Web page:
POLICE FINE AND WARN MOPED RIDERS AND BIKERS
March 23 2011.


A police motorcycle operation, targeting nuisance moped riders and motorcyclists, has resulted in 15 people being stopped during random roadside checks. In addition, nine other motorists were penalised for various traffic offences including not wearing a seat belt, using a mobile phone, having overly tinted windows and no insurance.

Held in Medway last Sunday, the operation is part of an ongoing effort on selected weekends over the next few months to reduce the number of moped riders and bikers who are killed and seriously injured on our roads.

Of the 15 riders pulled over, seven were given an on the spot fine and eight were given advice. The offences include:

Illegal number plate 2

No driving licence 2

Illegal noisy motorcycle exhausts 3

Officers from the Motorcycle Unit, within the force's Tactical Operations Group, used the Dynostar, a piece of road safety equipment on loan from Medway Council, to test mopeds for illegal modification.

It identifies, in seconds, any moped that has been illegally altered and, as a result, is capable of going faster than the legal limit of 31mph for moped licence holders.

While only one in 100 road users is a motorcyclist, a quarter of serious road collisions involve riders. Last year 184 motorcyclists were killed or seriously injured on Kent's roads. Of those, 24 were people riding a bike 50cc or under, with five of those in Medway. Although, these figures have reduced this year to 16 (two in Medway) Kent Police and Medway Council are keen to ensure those figures continue to fall. These road checks will be used to interact, educate and enforce legislation.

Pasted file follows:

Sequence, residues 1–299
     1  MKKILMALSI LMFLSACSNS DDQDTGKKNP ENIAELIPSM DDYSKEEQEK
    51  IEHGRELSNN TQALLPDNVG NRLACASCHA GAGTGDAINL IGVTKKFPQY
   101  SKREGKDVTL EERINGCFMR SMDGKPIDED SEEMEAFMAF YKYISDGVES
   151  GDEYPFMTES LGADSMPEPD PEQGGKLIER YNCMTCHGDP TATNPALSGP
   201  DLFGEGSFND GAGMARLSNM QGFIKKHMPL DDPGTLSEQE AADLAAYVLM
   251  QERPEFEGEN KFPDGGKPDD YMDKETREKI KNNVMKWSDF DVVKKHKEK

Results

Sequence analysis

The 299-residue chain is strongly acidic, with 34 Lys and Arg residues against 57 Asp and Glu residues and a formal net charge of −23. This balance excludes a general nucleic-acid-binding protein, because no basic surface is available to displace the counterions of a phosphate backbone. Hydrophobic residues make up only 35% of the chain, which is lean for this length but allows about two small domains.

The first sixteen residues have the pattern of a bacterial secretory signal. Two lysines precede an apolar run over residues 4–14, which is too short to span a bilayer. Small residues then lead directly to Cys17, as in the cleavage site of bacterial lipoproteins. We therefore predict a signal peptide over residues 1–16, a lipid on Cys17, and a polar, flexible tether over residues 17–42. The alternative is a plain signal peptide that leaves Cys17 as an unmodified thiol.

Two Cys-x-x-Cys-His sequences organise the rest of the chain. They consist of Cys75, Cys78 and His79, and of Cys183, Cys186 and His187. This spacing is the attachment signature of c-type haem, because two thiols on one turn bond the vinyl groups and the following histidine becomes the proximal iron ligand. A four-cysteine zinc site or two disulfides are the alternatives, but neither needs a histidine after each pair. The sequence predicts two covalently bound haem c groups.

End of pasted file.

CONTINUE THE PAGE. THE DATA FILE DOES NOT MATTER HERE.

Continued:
Inspector Paul Sellwood from Kent Police said: "Our priority is reducing the number of killed and seriously injured on our roads and motorcyclists can be particularly vulnerable when involved in a collision.

"We use the Dynostar as an enforcement tool to prosecute riders who do not have driving licences or insurance to use mopeds that exceed their speed restriction. Riders risk having their mopeds seized when
such offences are committed.

"Road users' safety remains of paramount importance."

Councillor Phil Filmer, portfolio holder for Front Line Services at Medway Council, said: "Modifying mopeds to go faster puts people at greater risk of serious injury or worse. These road checks are a good way for the council and our partners to explain to riders why it is so important to drive legally and safely.

"It could be the difference between life and death."